The busy-ness of this past month is reflected in less books read and more just perused. Lots going on here... with me (mainly as the chief gardener, cook, and bottle washer) but also as supportive wife and mother. Christopher is in his summer finals week and preparing to move onto campus for the "fall" semester, hubby has been very busy with his own projects.
So... I'll continue to have a combination of Real Time posts and re-posting some old favorites for a couple more weeks.
Books Read in July
Betty Crocker's Kitchen Gardens
I bought this book used with Amazon credit (thank you!) for just a few dollars.. It's a wonderful little book... small in size but packed full of information... for growing herbs and basic kitchen foods. I closely read parts of the book and then perused those which were not immediately helpful
The illustrations are in black and white with a few color pages thrown in... all by Tasha Tudor. If you like to grow herbs and veggies, you will enjoy this book. I learned a great deal in my first perusal that I could use in my herb garden this year.
A Merry Heart and Looking For a Miracle by Wanda Brunstetter
These are the first two books (of four) in the Brides of Lancaster County series. Both are simple romance novels based on the lives of Amish young women (in this case, the main characters of the two books are related).
The glimpse they show of those values we do appreciate in the Amish make for lighthearted summer reading. Both the main characters in the books have to deal with bitterness and unhappy circumstances and the way they learn to accept God's will in their life to eventually become a "bride of Lancaster County" makes for good reading... if not very deep (I save deep for the cold, dark, winter months).
Flight to Heaven by Capt. Dale Black
Subtitled: A plane Crash... A Lone Survivor... A Journey to Heaven... and Back.
I will actually review this next month since I wasn't able to finish the book in July. I can tell you it is a fascinating story.
It was recommended by a friend whose opinion I trust and then I saw the author being interviewed on a Canadian Christian program. His story was so riveting, I used July's Amazon credit to purchase the book... yes, I actually paid full (Amazon) price. Of course, it is a paperback so it wasn't expensive. :)
Library Books Perused
Small Batch Preserving by Ellie Topp & Margaret Howard
I'd heard a lot about this book and as I read through it, I realized why it was so popular. It offers a lot of recipes for jams, jellies, and other foods which can be preserved using small amounts of fruits and veggies. They also give recommendations when you can use frozen fruit when fresh is not available.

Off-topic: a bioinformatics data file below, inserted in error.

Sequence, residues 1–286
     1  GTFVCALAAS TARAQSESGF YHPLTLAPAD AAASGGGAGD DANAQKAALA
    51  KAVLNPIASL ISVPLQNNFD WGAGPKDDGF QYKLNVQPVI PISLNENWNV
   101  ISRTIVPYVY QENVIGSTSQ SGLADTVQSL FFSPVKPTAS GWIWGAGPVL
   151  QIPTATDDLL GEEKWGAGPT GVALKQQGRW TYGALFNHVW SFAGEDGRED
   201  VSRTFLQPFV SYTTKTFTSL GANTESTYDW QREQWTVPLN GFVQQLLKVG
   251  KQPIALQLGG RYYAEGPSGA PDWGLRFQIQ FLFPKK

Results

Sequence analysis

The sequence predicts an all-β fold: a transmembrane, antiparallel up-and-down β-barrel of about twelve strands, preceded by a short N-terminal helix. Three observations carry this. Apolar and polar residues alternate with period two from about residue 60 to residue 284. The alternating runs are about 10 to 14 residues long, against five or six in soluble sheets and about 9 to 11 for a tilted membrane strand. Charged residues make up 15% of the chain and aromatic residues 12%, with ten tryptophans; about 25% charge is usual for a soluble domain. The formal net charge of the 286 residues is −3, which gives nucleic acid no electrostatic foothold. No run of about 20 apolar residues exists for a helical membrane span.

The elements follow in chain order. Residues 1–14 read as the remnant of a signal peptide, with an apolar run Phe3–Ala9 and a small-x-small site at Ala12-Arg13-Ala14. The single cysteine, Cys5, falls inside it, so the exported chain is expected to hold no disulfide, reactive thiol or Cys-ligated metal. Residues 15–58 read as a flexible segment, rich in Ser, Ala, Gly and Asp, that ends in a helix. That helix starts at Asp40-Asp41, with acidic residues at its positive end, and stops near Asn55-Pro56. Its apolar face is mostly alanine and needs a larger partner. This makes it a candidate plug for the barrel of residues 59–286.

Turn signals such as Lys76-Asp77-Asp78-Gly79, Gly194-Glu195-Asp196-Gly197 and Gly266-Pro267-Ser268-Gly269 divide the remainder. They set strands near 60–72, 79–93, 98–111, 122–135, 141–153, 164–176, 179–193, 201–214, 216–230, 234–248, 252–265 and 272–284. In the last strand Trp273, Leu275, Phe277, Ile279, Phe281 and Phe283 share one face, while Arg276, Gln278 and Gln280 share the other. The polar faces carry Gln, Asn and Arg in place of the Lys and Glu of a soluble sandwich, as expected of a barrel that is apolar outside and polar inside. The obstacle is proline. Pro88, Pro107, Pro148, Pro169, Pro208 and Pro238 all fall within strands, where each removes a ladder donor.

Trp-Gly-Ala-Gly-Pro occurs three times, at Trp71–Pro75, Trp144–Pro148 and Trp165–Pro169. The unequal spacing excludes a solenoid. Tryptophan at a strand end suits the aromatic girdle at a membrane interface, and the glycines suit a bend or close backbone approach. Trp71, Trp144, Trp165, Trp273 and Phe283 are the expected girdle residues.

Country Beans by Rita Bingham
I owned this book at one time and sent it to a friend of mine who actually cooked with beans. Now that Christopher is moving out, I'm researching bean recipes again.
This book is well known for giving instructions for making "bean flour" by running beans through your grain mill. Recipes for using the bean flour are also given. (If you do not own a grain mill, Bob's Red Mill sells bean flours.)
Mr. Food Cooks Pasta by Art Ginsburg
I really liked this Mr. Food book! Of all the pasta cookbooks I brought home, this was my favorite. Art G. provides lots of family friendly pasta recipes using various pasta shapes. Most are "from scratch" and very economical to make.
You Don't Have to Be a Diabetic to Love This Cookbook by Tom Valenti
This is both a cookbook and and a book about cooking for a person with diabetes, written by a chef who became a Type 2 diabetic a number of years ago.
I'm rather sceptical of most diabetes cookbooks as they have tended to be all about sugar free products and the recipes are not all that appealing. This book looked different when I perused it in the library and proved to be an excellent resource when I had time to read it further.
The recipes are quite good (although I haven't actually cooked any, yet) but the general information about cooking and eating for the diabetic diet is among the best I've ever read in my 10+ years of Type 1 diabetes. The title says it all... it is the kind of cookbook a family can use for healthy cooking in general.
Betty Crocker's Pasta Cookbook
Frankly, I liked the other pasta cookbooks a lot more. In spite of being a Betty Crocker cookbook, I found the recipes to be more complicated than I am willing to cook right now. It's not a bad cookbook... just not where I am right now in my kitchen.